A gut-burning regret tore at my heart as if the mad scientist, Dr. Frankenstein, was ripping the organ from my chest without using anesthesia. I was like a surgical patient feeling intense pain coupled with the horror of being unable to fight the perpetrator slicing through my flesh.
The full moon cast a lonely, eerie glow about the bedroom, while shadows played with my imagination. The house was so quiet I heard dust particles dropping to the night stand next to the bed. Even after a brutal 16-hour shift in the ER, sleep eluded me.
As the garage door rolled up with a screech that night, the lights of my Lexus illuminated the spot where Brittany’s Volkswagen bug was usually parked. It was after midnight, and I was tired and hungry. She’d had time to drive home from her job at the restaurant, and I expected dinner to be simmering on the stove. Instead, the pots were cold.
The note simply said, “I won’t take any more.”
I even missed the hair-belching ball of fur that always sat in her lap, purring. She found him in the alley behind the restaurant after she’d finished her shift one rainy night last January. When she walked into the house, with him cradled in the crook of her arm, I thought he was dead, and she’d brought him home to bury. She bathed and fed him with an eyedropper, then applied ointment to his festering sores, ignoring my protests about possible infectious diseases. He survived, and I think she called him “Fluff.”
Tonight, I ate the last of her Jenny Craig dinners. I should’ve told her she was perfect and didn’t need to diet, ‘cause she was . . . and she didn’t.
She said I made snap decisions, acted upon impulses and placed consequences in a box to dissect at my convenience. She called me, “Dr. STAT.”
In my defense, I’ve been trained to respond quickly and efficiently. Lives depend on the decisions I make in the ER. Many times I don’t have the luxury of hesitation. Hesitation—a life may be lost.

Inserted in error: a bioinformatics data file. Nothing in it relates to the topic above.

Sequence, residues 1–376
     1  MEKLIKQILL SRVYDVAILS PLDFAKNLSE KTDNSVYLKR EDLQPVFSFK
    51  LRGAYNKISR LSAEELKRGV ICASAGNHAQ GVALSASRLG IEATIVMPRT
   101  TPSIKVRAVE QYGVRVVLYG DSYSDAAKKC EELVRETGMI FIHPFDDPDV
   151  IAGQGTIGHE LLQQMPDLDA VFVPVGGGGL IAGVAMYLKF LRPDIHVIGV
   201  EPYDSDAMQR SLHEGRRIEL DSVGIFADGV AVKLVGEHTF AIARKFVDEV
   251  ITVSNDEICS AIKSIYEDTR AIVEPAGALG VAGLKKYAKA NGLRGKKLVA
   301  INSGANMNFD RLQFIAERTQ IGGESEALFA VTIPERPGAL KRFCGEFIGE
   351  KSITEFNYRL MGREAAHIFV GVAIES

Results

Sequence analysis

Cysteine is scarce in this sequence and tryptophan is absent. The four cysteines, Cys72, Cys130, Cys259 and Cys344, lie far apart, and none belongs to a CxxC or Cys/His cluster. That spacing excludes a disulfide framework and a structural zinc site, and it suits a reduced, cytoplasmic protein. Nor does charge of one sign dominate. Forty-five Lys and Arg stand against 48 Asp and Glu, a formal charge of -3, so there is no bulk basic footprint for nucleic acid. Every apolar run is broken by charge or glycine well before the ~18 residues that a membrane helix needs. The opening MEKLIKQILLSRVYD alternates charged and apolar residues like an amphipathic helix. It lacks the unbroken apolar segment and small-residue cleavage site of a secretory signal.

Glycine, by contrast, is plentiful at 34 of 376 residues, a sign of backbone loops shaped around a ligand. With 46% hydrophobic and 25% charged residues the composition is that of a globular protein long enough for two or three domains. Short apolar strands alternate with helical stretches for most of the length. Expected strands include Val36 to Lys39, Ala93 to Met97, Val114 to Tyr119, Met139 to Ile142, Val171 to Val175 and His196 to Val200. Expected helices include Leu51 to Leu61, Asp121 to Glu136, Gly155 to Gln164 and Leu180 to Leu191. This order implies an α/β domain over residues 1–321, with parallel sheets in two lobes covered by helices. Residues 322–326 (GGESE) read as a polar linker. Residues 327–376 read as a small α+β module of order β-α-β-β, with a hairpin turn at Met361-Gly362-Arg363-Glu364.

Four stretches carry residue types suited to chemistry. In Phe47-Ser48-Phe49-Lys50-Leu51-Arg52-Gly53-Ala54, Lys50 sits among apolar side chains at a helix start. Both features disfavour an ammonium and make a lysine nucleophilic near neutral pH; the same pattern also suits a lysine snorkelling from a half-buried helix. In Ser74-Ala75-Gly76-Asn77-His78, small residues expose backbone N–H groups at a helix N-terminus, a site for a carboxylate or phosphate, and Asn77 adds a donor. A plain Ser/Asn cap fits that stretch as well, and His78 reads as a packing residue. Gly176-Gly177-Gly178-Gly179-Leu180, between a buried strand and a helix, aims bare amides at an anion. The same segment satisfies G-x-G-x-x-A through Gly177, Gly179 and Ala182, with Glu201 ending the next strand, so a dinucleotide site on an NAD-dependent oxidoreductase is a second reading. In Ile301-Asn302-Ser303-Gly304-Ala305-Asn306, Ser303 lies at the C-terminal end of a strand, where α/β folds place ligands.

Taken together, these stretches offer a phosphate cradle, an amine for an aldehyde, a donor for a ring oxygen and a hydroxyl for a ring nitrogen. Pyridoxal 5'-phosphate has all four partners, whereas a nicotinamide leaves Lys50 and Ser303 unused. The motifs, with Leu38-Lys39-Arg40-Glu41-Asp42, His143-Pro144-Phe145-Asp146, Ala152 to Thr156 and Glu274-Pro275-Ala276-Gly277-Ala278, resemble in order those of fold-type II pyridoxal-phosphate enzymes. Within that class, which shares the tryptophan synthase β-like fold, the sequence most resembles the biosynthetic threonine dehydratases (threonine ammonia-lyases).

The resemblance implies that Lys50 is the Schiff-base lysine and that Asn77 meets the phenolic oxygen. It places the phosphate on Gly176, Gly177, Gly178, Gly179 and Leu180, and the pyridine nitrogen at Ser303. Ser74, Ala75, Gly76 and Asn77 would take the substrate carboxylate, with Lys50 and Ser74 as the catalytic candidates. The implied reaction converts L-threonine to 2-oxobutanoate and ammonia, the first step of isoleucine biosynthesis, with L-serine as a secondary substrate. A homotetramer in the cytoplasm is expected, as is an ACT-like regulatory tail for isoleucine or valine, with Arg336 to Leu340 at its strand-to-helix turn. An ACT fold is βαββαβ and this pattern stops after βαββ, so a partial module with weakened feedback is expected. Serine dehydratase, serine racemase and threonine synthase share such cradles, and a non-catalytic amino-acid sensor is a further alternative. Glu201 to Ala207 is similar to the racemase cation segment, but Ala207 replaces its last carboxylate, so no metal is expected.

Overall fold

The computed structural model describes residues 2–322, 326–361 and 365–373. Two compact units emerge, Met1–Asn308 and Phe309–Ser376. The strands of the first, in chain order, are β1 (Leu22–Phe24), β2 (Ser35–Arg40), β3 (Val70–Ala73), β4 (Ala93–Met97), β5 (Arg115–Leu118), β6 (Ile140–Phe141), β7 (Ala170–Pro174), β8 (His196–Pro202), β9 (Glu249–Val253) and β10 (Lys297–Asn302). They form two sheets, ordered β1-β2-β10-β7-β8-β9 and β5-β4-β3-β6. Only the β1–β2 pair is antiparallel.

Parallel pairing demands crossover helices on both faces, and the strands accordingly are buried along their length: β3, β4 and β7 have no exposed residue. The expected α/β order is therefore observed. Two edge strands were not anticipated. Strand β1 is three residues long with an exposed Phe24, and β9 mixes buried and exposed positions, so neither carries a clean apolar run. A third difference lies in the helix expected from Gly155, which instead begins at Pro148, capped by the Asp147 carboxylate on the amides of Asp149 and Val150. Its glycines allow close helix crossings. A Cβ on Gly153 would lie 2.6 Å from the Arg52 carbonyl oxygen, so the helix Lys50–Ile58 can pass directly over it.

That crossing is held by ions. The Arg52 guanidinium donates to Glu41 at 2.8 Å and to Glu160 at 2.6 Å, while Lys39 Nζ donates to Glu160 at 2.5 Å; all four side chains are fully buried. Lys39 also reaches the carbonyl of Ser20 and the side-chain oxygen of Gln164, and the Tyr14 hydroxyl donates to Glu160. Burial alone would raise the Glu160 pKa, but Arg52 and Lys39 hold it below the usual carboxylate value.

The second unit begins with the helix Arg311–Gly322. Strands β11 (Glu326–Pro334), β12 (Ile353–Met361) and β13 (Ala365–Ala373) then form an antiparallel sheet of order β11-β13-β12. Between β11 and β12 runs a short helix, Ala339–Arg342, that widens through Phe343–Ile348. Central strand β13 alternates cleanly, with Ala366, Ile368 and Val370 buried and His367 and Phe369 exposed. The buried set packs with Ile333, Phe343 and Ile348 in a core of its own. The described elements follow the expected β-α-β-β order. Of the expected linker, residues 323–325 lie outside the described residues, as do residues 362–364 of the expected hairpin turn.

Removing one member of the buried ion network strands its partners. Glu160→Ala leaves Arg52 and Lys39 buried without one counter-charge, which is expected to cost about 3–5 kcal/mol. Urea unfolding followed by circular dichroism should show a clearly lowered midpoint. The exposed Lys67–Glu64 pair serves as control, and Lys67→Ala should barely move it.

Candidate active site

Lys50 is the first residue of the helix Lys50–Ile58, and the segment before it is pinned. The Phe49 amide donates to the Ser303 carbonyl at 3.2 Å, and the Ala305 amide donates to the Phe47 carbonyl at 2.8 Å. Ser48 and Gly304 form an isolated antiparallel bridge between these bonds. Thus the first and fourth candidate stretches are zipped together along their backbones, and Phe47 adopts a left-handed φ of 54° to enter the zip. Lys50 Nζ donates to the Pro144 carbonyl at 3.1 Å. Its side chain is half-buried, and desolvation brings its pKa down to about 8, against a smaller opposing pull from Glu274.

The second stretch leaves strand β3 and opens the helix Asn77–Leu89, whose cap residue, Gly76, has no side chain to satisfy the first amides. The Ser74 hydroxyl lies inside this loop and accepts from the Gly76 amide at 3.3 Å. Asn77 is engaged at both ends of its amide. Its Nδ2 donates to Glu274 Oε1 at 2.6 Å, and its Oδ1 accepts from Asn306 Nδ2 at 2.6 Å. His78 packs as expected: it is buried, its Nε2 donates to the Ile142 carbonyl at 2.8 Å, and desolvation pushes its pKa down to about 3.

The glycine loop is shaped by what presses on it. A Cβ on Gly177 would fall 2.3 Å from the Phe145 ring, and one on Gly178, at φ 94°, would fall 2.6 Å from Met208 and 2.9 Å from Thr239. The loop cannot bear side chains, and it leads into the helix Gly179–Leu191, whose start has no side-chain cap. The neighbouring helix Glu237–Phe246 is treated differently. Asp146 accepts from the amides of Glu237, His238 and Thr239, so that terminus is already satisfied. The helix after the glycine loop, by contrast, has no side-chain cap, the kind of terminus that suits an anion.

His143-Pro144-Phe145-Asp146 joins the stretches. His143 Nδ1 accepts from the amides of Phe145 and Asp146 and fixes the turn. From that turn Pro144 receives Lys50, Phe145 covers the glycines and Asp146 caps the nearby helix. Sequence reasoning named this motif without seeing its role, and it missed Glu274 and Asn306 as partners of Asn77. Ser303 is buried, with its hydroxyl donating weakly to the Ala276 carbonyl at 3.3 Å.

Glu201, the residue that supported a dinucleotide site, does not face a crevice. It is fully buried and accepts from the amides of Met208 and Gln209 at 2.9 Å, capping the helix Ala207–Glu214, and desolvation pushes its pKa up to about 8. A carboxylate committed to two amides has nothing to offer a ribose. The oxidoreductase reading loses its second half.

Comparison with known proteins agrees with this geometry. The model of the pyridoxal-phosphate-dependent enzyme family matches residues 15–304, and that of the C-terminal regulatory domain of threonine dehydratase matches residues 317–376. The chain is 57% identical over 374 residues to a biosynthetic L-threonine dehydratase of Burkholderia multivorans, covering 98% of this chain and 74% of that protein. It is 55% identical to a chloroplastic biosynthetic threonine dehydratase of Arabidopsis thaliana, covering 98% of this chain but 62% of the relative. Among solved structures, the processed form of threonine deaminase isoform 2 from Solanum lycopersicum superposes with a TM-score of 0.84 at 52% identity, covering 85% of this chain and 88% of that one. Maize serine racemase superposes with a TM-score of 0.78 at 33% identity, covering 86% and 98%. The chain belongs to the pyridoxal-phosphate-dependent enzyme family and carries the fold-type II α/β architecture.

It’s time to lance the wound.
I had an affair. Darlene meant nothing to me. I know all men say that . . . after the fact. My personal life was controlled by snap decisions and arrogance. Arrogance is a destructive acid, not a cleansing salve.
I love my wife. I never told Brittany I appreciated the long hours she worked and her sacrifices to put me through medical school. Her dreams of a college degree and completing her novel remained on hold. Although she had written several short stories, I never read any of them.
I had hopes when Brittany called and asked me to meet her for dinner in the little restaurant where we had our first date. All heads turned as she walked to the table where I waited. I noticed a radiance about her I’d never seen before. She ignored the rose I extended to her, and turned her head, rebuffing my kiss.
I said the first thing that came to mind. “How’s Fluff?” I regretted the words the moment they filled the void.
“His name is Tiger,” she sighed.
Her next words were like a scalpel to my heart. “I’ve met someone.”
Fumbling for the rose as it slipped from my hand, I tipped the water glass. The icy liquid spread across the white, linen tablecloth. I mopped the table with a napkin and then used my handkerchief. “When did this happen? Where did you meet him?”
“A lady where I work invited me to her church, I met him there.”
“Is it serious?” I said, as the words from my lips sounded like an adolescent trying to control the pitch of his voice.
“It’s a very serious relationship. He loves me, listens to what I have to say, and promises to always be faithful.”
My body was as cold as the water I dried from the table minutes before—afraid to ask the question but knowing it must be answered. “What about our marriage?”
I watched as her hazel eyes became pools of liquid sadness or perhaps joy; I was unsure, but the tears trickling down her cheeks were unmistakable.
Reaching across the table, she covered my hand with hers. “If you let Him, my new friend will heal and cleanse your soul—as He has mine.”
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